- Allow the hands to gently rest palms down on the thighs.
- Slightly tuck your chin.
- For this meditation you can keep your eyes open. Begin to gaze at a spot about two to four feet ahead of yourself on the floor. Make sure its a soft gaze and not an intense scowl!
- Are you breathing right now? (I hope the answer is yes!) This is your natural breath. There's no need to change it. Begin to notice the breath as it enters the nostrils and leaves as you exhale.
- When your mind wanders, come back to the breath using it as your anchor. Imagine a huge ship in the ocean tossing its anchor overboard so that it can float in the same place and stay on course. Each time the mind wanders, remind yourself that you're breathing and begin noticing the breath again.
- Invites us to be more present in our work
- Allows us to connect with friends and family in a genuine way
- Invites us to be present for both the pleasurable and painful moments in life
- Wakes us up to what is going on in this very moment
- Cultivates powerful mindfulness that optimizes the interaction between attention and awareness
- Develops stable attention
- Develops strong inner strength
- And it helps us to be a little nicer and more kind!
Yes, meditation just might make you more kind!
One of my meditation students shared a comical story in class. She started meditating and making it a regular part of her routine. One day her co-workers approached her and asked what she's been doing differently because she seemed calmer and a lot nicer. She responded that she's been meditating. Their response was, "GOOD, PLEASE DON'T STOP!"
Metta (Loving Kindness)
You can do this meditation seated or lying down. Recite the phrases aloud or silently in your mind, Each phrase plants a seed of loving wishes in our hearts. Once that seed is planted, it has no choice but to grow! As you contemplate the phrases, it helps to envision the person your sending loving kindness towards.
May I be filled with loving kindness.
May I be safe from inner and outer dangers.
May I be well in body and mind.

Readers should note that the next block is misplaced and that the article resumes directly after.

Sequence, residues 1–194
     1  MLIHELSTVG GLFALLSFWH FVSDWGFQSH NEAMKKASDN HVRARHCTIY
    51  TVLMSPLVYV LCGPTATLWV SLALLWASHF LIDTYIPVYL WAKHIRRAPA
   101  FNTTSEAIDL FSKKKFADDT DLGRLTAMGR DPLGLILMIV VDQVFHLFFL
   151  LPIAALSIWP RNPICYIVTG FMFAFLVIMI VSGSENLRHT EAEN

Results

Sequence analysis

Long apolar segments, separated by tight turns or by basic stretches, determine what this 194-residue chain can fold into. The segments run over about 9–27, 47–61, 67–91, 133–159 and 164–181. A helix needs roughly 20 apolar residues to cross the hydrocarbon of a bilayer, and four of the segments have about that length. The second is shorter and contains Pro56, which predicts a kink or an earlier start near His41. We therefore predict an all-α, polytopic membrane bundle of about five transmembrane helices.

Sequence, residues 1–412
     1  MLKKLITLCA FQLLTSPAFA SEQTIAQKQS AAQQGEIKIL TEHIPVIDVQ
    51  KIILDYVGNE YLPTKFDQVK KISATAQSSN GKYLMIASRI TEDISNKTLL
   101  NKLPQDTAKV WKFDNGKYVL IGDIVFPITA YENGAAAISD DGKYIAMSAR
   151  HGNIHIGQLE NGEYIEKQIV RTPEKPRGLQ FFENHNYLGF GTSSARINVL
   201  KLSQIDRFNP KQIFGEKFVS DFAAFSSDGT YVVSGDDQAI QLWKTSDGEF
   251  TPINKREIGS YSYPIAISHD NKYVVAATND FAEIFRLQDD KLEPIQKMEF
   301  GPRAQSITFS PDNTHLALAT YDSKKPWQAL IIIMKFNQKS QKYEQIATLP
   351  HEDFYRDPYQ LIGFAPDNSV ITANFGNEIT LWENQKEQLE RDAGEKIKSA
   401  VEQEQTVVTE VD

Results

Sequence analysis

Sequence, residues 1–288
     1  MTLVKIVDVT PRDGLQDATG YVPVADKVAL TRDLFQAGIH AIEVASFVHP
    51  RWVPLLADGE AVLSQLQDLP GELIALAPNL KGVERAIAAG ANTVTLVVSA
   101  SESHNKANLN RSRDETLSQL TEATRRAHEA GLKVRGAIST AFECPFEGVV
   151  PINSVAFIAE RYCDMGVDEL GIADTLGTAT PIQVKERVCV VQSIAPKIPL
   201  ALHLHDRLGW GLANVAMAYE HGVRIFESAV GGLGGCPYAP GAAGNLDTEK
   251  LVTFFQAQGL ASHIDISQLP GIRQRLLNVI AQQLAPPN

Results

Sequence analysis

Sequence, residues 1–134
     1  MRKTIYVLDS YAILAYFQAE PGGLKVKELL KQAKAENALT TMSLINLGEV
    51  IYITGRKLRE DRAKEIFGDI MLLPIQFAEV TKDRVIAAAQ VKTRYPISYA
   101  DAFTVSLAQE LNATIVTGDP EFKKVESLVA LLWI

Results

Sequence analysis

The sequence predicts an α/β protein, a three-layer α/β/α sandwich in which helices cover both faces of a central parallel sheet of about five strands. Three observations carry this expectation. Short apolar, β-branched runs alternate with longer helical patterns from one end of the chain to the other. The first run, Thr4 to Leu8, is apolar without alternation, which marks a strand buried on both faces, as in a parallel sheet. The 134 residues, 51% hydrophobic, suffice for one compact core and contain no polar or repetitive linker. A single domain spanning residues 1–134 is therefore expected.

May I be at ease and happy.
There's several steps to this meditation. First, begin with yourself and then extend it to others. Each time you swith to a different person, replace I, with they, we, all beings, or even a person's name. Allow yourself time to genuinely reflect on the phrases and their meanings.
Self — Begin the practice by cultivating love for yourself. When you love yourself, it's much easier to extend that love to others. As RuPaul says, "If you can't love yourself, how in the hell you gonna love somebody else?" She's got a point! One who truly loves themselves won't harm others. One who loves themselves will tune into the energy of loving-kindness and understand how awesome it would be if every person in the world felt this feeling in their heart and readily shared it.
"If you can't love yourself, how in the hell you gonna love somebody else?" -RuPaul
Now let's send Loving Kindness to others:
Respected Person — Such as a spiritual teacher, pastor, mentor, and/or counselor. It may even help to visualize them sitting in front of you and doing the meditation with and for you.
Dearly Beloved — Close family member or friend. These people might include parents, relatives, spouses, partners, children, and friends.
Neutral Person — Someone you know, but have no special feelings towards. These are people you don't usually think about at all. You may not even know their name! They could be the barrista who made your drink at Starbuck's this morning, the UPS delivery driver, or even someone you glanced towards when stopped at a traffic light.
Difficult Person — Up until this point, the meditation has been fairly easy. Here's where we really start planting those seeds of loving kindness - and watering them - a lot! Think of someone you are currently having difficulty with. This could be your nemisis, mortal enemy or family member you have conflict with. Why send loving-kindness to your enemies? The reason is simple. If your enemies are well, happy, and peaceful, they won't be your enemies! Plus it kind of softens your heart towards them and makes you not dislike them as much!